Willard Romney Flunks Another Turing Test

The Washington Post blandly explains how Willard “worked to reassure liberals“:

Mitt Romney was firm and direct with the abortion rights advocates sitting in his office nine years ago, assuring the group that if elected Massachusetts governor, he would protect the state’s abortion laws.
Then, as the meeting drew to a close, the businessman offered an intriguing suggestion — that he would rise to national prominence in the Republican Party as a victor in a liberal state and could use his influence to soften the GOP’s hard-line opposition to abortion.
He would be a “good voice in the party” for their cause, and his moderation on the issue would be “widely written about,” he said, according to detailed notes taken by an officer of the group, NARAL Pro-Choice Massachusetts.
“You need someone like me in Washington,” several participants recalled Romney saying that day in September 2002, an apparent reference to his future ambitions.
Romney made similar assurances to activists for gay rights and the environment, according to people familiar with the discussions, both as a candidate for governor and then in the early days of his term.
The encounters with liberal advocates offer some revealing insights into the ever-evolving ideology of Romney, who as a presidential candidate now espouses the hard-line opposition to abortion that he seemed to disparage less than a decade ago….

As the MBAs tell each other: whatever it takes! Why can’t the rest of us peons understand that anything before the last quarterly reporting period can be declared ‘inoperative’ whenever necessary to pump earnings for the next quarterly report?

Major props to Dan Amira at NYMag‘s Daily Intel for highlighting an excellent Willard website in his brilliant post explaining how “Mitt Romney Claims He Is ‘As Consistent As Human Beings Can Be’”:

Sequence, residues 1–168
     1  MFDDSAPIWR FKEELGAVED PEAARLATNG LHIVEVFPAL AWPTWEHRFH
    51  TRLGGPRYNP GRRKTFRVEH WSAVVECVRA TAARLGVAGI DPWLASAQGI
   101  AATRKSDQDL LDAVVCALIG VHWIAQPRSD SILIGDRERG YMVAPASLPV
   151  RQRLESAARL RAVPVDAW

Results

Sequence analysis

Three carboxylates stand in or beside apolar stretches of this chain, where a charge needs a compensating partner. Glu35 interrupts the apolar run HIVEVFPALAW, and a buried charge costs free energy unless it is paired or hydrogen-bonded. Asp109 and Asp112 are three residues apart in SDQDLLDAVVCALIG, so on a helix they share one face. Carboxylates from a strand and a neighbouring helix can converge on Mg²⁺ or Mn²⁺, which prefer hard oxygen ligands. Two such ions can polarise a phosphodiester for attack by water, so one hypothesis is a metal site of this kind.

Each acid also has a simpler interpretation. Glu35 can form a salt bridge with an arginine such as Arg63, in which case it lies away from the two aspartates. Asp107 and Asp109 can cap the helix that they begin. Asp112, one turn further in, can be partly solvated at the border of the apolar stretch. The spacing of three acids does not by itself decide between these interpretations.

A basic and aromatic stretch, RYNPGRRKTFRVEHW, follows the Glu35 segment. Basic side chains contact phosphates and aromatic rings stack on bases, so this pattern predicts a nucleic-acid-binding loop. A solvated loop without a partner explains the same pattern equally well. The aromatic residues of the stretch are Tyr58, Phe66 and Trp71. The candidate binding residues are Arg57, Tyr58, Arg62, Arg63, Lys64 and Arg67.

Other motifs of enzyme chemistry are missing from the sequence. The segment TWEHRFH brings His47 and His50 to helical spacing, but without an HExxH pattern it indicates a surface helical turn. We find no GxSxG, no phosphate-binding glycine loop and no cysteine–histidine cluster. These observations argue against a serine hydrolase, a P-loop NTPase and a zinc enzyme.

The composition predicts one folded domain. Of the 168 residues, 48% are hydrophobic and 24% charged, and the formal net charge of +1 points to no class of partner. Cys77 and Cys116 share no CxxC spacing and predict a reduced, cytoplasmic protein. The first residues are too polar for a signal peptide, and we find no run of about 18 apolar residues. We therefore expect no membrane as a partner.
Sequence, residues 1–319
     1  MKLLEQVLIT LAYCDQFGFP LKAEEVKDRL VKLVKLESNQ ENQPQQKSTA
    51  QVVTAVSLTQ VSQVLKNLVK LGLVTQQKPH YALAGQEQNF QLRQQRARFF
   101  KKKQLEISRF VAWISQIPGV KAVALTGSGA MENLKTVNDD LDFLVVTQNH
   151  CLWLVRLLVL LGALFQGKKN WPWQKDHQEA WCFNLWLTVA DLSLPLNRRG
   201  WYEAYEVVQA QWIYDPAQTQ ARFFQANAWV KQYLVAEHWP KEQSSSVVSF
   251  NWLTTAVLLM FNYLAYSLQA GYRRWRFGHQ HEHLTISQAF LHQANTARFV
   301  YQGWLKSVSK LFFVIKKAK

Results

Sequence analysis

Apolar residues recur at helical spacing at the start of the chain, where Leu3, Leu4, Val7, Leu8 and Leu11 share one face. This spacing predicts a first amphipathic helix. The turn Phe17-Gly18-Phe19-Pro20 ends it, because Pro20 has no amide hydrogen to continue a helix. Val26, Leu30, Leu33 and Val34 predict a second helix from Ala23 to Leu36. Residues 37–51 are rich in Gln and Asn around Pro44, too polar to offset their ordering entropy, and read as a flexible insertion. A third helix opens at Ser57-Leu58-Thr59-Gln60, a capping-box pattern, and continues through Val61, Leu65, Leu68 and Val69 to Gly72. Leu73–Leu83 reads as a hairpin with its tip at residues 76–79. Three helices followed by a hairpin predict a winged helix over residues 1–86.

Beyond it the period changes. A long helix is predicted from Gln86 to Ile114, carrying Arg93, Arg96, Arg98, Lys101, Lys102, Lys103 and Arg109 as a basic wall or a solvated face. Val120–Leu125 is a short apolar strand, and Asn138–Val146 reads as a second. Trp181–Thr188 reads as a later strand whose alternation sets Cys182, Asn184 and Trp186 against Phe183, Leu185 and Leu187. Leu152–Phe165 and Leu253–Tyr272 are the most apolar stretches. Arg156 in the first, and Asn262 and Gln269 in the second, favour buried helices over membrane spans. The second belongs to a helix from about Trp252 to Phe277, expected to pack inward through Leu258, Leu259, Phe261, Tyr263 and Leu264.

Keep in mind, this does not mean that Mitt Romney has never changed positions. He has — many, many times. It merely means that Romney has analyzed the human race and determined that, as a species, they are not capable of much consistency. And in an effort to mimic the human condition as closely as possible, it is that mediocre level of consistency that has been programmed into his software.

Click on the link, and explore: Which Mitt Are We Getting This Year?

50 replies
  1. 1
    dmsilev says:

    My understanding is that there was some sort of glitch that took Apple’s Siri off-line today. Perhaps the same back-end servers are powering the Romneytronic 3000?

    We can check this. Someone ask Romney for a list of nearby pizza restaurants.

  2. 2
    Belafon (formerly anonevent) says:

    (Reposting from the previous thread because it seems that everyone abandoned it)

    OT: A coworker of mine brought this quote to my attention. It was made by Karen Finney about Cain:

    One of the things about Herman Cain is, I think that he makes that white Republican base of the party feel okay, feel like they are not racist because they can like this guy. I think he giving that base a free pass. And I think they like him because they think he’s a black man who knows his place. I know that’s harsh, but that’s how it sure seems to me.

    I wanted to know what everyone thought about it. This is the statement being waved around Republican circles, like Fox, to show that Liberals are being racist.